Both Chapman and Hild say they’ll return again and again to competitions that offer special awards. “I love the comps who will recognize the child who will never be first overall but who is the hardest working,” says Chapman. “We look for comps that offer awards for best choreography or most entertaining—something that shows they remember a dance over three days,” says Hild. “Or the studio-of-the-weekend award—my kids know that’s our goal, to be recognized as the nice studio.”
Is the comp open to feedback?
No competition can promise a perfect, problem-free weekend, but those who are willing to receive (and implement) feedback on what could’ve gone better are keepers, in both Chapman’s and Hild’s books. “You can learn how to do better if you aren’t willing to communicate,” says Hild.
Watch Out for These Red Flags
Not running on time
“Three hours behind is not cool—when kids are tired, that’s when injuries happen,” says Hild. “Not notifying teachers that you’re running an hour ahead, especially when most competitions have an app, is also not cool.” Chapman relies on word of mouth to help her weed out comps with a punctuality problem. “We all talk, as studio owners, and we know which ones run on time,” she says.
Refusing to share who else is competing
Chapman balks if a competition won’t disclose which other studios are competing (so that she can determine if her studio will face the same studios as at past competitions or new ones). “We pay a lot of money to comps, so I think we’re entitled to that knowledge,” she says.
Be wary of a competition that inflates its scoring. “It used to be that if you got a 70, you got a good mark,” says Chapman. “Now if it’s not a 99, then you think, ‘Oh, darn.’ Yes, expectations and kids have changed, and comps should adapt, but you should give them a dose of reality, too.”
Choreography that isn’t age-appropriate
“Over-the-top, sexy dancing is not our thing,” says Hild. Though she recognizes that realizing which competitions promote age-appropriate choreography is a process of trial and error, she believes that if a competition rewards inappropriate dances, that’s a sign that it’s not for her.
How to Find a Competition Match for Your Studio
Competitions geared towards small studios
Good for: Students who train less than eight hours a week
In Canada, small-studio competitions are limited to schools that have been in operation for less than 10 years and have fewer than 200 students. Comps like these allow dancers new to competing to get their feet wet and not be overwhelmed by larger, more practiced studios—what Chapman calls the “heavy hitters.” “When your kids are on a level playing field, they feel good about themselves but still learn a lot,” she says.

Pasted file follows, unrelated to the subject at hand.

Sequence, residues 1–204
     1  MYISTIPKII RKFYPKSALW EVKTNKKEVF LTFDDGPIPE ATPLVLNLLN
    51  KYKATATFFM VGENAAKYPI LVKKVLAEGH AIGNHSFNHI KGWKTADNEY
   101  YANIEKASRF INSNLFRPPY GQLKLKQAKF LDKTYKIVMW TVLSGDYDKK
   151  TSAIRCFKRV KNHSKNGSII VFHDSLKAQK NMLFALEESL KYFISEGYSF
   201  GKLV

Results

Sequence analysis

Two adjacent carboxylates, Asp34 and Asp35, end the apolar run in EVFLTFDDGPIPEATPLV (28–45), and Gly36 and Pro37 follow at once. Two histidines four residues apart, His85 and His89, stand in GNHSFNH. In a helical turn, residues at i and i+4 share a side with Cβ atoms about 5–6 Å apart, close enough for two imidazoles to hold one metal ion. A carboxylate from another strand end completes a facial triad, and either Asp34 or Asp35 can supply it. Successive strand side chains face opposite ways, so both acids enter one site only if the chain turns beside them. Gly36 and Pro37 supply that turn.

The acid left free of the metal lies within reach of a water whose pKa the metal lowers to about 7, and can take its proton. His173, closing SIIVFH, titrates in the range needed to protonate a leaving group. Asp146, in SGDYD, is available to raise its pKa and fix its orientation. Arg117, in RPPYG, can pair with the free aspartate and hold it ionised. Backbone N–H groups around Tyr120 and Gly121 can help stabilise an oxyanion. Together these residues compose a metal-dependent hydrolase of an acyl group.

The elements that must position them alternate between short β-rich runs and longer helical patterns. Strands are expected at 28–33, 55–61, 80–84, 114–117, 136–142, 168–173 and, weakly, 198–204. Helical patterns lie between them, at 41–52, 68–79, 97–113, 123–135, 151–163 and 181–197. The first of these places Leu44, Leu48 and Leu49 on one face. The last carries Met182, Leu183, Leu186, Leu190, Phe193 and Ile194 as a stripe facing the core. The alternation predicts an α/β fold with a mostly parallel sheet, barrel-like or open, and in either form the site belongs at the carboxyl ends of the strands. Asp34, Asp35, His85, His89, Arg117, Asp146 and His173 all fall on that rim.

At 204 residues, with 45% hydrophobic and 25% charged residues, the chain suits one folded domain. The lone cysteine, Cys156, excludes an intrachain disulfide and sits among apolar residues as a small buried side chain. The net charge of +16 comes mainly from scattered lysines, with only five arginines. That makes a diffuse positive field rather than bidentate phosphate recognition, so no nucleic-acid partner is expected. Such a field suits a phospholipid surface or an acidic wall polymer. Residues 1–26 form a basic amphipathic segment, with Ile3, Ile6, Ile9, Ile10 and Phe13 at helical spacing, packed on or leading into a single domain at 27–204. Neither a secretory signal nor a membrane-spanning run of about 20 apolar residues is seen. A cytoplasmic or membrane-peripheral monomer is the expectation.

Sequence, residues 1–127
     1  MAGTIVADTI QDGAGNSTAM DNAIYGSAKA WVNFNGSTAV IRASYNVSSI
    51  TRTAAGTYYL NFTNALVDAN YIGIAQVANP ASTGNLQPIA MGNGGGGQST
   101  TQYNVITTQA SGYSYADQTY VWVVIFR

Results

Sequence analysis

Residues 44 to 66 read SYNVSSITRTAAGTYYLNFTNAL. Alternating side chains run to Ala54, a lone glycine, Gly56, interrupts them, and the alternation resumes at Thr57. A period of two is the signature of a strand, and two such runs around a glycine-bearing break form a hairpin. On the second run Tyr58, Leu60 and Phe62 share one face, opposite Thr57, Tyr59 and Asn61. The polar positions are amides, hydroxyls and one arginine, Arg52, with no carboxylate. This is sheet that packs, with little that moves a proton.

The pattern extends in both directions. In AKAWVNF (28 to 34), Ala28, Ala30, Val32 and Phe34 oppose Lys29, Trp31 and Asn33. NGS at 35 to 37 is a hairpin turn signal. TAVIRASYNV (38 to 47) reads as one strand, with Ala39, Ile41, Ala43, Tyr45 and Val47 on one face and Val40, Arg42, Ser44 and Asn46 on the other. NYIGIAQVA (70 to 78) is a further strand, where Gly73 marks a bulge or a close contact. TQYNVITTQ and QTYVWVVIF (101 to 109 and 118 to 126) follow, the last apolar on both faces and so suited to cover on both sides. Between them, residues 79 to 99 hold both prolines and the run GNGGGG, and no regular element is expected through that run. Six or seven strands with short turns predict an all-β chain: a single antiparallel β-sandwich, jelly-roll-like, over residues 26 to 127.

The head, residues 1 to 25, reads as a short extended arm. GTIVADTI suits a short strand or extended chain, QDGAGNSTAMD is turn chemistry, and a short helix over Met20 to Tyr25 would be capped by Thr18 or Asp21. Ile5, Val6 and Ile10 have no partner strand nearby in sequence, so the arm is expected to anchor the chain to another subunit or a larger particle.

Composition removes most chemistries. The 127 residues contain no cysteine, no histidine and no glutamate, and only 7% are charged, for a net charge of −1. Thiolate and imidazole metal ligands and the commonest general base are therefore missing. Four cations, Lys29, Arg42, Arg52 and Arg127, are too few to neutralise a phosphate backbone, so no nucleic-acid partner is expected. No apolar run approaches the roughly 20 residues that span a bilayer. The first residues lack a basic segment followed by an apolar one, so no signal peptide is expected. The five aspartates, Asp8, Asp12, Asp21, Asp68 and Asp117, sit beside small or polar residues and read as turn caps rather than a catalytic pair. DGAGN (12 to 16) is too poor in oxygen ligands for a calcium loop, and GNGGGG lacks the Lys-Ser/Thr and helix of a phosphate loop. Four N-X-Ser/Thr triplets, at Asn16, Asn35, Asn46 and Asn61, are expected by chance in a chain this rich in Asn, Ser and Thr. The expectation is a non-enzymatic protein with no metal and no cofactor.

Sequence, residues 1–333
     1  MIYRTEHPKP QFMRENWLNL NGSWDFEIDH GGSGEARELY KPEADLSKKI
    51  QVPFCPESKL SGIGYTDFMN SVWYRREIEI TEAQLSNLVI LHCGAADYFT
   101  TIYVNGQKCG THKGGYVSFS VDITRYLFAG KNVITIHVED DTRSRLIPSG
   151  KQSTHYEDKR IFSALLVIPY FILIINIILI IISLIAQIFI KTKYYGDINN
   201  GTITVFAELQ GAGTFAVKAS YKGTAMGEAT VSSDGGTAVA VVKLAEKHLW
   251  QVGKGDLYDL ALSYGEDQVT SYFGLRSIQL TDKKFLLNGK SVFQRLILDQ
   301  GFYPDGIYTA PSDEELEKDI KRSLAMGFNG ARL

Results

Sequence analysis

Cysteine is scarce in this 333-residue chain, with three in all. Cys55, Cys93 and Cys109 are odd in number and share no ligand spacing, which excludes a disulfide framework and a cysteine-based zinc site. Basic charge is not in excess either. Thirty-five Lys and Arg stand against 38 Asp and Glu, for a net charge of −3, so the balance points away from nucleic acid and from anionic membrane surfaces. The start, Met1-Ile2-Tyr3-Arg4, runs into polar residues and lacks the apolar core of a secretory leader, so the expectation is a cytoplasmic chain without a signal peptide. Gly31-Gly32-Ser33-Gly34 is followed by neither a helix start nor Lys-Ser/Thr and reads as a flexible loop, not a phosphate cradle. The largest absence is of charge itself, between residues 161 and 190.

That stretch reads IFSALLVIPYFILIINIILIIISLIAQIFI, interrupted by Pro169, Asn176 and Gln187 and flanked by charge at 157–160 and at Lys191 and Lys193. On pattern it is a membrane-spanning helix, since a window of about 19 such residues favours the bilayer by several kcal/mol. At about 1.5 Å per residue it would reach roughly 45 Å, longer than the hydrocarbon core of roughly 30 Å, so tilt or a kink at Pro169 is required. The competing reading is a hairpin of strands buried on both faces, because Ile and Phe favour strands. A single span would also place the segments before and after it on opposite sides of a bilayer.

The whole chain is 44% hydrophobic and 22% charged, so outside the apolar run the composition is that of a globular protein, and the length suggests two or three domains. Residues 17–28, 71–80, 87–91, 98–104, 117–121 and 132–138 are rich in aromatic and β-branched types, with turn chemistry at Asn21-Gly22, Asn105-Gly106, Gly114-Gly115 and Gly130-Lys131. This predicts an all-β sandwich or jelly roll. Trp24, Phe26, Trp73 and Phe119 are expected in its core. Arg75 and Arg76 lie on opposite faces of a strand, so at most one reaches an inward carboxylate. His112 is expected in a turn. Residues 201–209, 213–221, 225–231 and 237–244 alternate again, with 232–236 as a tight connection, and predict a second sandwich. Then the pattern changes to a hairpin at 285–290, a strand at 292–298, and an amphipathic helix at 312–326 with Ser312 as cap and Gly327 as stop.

Competitions to try: Hall of Fame Dance Challenge’s rookie league (for those who dance less than three hours per week), Kids Artistic Revue’s novice level (for those who take two hours of class a week or less)
Good for: Students who train intensively and have the funds to attend
“Nationals are expensive,” says Chapman, who cites a 2019 national competition that cost, on average, $7,000 per kid to attend. “If you think it’s going to be a positive, growing experience for your kids, then the financial investment makes sense.” Hild doesn’t bring her studio to nationals but invites students with solos to attend on their own (and Hild will register those students through her studio and rehearse them).
Competitions to try: The Dance Awards, New York City Dance Alliance
Good for: Dancers looking for a less intensive experience
Though many competitions include a full weekend’s worth of classes, too—known as a convention—Hild prefers events that are competition-only. “If there’s a convention in the same weekend, it’s too much for the kids, even the seniors—they’re exhausted,” she says. “For them to compete at midnight and have to wake up early the next morning for class is too much. Kids get burned out that way.”
Competitions to try: Inspire National Dance Competition (offers classes at nationals but not regionals), BravO!